A few weeks ago I was standing outside Scuba Luv's shop when my old friend Pete Woolsen walked up to say hello. In the course of the conversation, he suggested that I should do a column on what apparently is one of his favorite marine critters, the chestnut cowry (sometimes spelled cowrie). Now when the Assistant City Manager talks, Dr. Bill listens! This one's for you, Pete.
Cowries are a group of snails with a somewhat atypical shell. Instead of having a nice rounded hole with a thick operculum to seal it for protection, cowries often have a long, thin, slit-like opening that may appear to have "teeth" (small molars rather than sharp fangs) known as denticles along the edge. Our only local species, the chestnut cowry, reaches a length of three inches although there are reports of some reaching nearly five inches.
These snails are usually found on rocks from the lower intertidal to depths of 150 feet. Years ago I used to find them on the pier pilings in Avalon and Toyon Bays. However, a good wrap of Orville Liddell's PileGuard may keep them away from the rotting timbers where they used to hide in the crevices. Their geographic range is from Monterey Bay to Cedros Island off Baja California, however they are rare in the colder waters north of Point Conception. The group as a whole favors warmer, often tropical waters (I don't blame them).
The chestnut cowry has a smooth, brown and often very polished shell. This is due to the polishing effect of the soft mantle which often covers it. The edges and underside are white. When the snail inside extends its foot and mantle out of the opening, the fleshy mantle often entirely covers the upper surface of the shell. The color of the mantle is orange-brown with dark spots.
Chestnut cowries may scavenge for food, or they may act as carnivores feeding on sponges, anemones, tunicates and the eggs of other snails. I'm not sure what a snail omelette might taste like, but I must admit I'd lose a lot of weight on a diet like this! However, the cowries seem to thrive on it and are able to grow quite quickly initially, with one reaching a length of 1 1/2 inches within two months. Growth slows significantly as they age.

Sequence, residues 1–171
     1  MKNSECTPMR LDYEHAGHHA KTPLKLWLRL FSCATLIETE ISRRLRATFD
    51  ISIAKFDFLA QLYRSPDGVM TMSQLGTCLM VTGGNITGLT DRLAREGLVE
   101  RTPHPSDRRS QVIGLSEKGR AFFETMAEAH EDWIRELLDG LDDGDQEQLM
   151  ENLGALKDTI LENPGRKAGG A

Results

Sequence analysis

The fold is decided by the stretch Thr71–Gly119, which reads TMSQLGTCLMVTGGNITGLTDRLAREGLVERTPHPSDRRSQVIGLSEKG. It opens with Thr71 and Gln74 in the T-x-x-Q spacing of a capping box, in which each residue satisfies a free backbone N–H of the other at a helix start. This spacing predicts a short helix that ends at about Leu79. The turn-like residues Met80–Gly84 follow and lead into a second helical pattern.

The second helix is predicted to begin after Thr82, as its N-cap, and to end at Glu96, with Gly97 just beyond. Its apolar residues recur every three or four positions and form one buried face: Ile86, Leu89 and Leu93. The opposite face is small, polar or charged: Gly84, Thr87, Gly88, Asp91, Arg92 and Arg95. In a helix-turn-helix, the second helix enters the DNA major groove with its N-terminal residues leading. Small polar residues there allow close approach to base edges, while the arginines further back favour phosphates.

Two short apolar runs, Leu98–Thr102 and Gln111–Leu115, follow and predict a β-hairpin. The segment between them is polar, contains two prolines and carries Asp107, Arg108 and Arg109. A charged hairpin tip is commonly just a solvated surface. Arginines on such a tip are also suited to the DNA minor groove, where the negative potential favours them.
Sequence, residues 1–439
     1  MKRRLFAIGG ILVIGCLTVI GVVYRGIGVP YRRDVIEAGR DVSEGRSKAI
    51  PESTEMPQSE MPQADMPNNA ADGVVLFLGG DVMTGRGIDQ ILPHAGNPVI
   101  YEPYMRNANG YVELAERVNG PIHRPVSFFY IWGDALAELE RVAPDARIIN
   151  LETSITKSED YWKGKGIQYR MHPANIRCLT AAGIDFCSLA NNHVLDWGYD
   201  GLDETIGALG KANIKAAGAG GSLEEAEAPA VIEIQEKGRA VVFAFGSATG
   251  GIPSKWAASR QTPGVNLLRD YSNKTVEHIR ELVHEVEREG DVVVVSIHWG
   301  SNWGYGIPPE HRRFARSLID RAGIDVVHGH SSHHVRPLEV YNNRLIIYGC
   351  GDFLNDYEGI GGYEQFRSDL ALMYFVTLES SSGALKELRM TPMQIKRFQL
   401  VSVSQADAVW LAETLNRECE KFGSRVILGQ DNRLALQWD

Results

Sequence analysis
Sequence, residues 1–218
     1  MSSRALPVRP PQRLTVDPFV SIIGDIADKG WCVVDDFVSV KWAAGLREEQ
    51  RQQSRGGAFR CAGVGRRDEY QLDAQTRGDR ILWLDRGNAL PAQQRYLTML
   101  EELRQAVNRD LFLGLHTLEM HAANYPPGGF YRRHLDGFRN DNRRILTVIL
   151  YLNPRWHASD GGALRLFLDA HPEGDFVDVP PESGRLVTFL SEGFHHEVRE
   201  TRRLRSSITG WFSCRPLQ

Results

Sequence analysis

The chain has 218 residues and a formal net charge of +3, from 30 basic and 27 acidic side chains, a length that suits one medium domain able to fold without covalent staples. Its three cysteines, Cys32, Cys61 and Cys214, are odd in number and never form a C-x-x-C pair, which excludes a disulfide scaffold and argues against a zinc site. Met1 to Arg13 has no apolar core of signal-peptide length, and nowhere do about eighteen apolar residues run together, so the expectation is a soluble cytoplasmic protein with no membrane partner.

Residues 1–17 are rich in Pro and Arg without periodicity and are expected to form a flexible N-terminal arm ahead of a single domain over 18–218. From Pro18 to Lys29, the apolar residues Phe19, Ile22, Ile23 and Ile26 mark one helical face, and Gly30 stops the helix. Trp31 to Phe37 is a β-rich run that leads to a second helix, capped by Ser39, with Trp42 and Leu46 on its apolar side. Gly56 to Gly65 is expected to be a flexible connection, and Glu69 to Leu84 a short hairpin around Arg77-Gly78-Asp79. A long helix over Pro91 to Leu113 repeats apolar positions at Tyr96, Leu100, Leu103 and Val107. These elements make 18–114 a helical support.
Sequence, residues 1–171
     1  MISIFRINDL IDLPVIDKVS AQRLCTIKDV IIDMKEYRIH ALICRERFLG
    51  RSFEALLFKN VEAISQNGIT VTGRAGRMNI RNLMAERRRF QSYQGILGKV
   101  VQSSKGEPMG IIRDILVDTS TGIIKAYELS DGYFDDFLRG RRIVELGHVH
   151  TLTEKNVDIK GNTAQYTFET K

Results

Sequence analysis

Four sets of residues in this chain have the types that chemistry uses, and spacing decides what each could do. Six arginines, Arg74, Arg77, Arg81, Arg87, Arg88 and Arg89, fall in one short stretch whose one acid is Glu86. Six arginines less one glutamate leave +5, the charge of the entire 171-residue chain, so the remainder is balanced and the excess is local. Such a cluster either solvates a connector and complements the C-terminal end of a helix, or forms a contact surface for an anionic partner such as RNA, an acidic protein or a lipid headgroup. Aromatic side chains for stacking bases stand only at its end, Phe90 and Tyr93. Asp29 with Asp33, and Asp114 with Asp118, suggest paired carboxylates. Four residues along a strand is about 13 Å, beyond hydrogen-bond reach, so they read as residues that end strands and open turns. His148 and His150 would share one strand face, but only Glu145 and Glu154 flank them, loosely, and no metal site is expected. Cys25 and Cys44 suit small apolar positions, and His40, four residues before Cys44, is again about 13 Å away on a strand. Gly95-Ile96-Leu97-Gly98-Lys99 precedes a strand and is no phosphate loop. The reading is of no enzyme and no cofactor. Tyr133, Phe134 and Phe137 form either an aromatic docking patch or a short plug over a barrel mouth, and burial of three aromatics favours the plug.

Little appears to be known about the sex life of a chestnut cowry. Perhaps they are just very modest when housed in a scientist's aquarium. In our region the eggs are laid in capsules during July. Each capsule contains about 800 individual eggs. They lay clusters of 100-120 capsules in one small area. Now we've always been told not to put all our eggs in one basket. In the cowry's case, a predator finding its cluster would have a virtual smorgasbord. However, there is method to their madness. Adult cowries guard their eggs for the roughly three weeks it takes for them to hatch. Grouping them together makes defense much easier.
© 2006 Dr. Bill Bushing. Watch the "Dive Dry with Dr. Bill" underwater videos on Catalina Cable TV channel 49, 10:00 AM and 5:00 PM weekdays. Please help me climb out of self-imposed poverty... buy my "Munching and Mating in the Macrocystis," "Great White Sharks of Guadalupe," "Calimari Concupiscence: Mating Squid, " "Playful Pinnipeds: California Sea Lions," "Belize It or Not: Western Caribbean Invertebrates, Fish and Turtles" or "Gentle Giants: Giant Sea Bass" DVD's. Yes, take Dr. Bill home with you... we'll both be glad you did!
Pair of chestnut cowries, chestnut cowry with mantle
extended over shell;
mantle seen from anterior end, slit-like opening on underside of shell.
This document maintained by
Dr. Bill Bushing.
Material and images © 2006 Star Thrower Educational Multimedia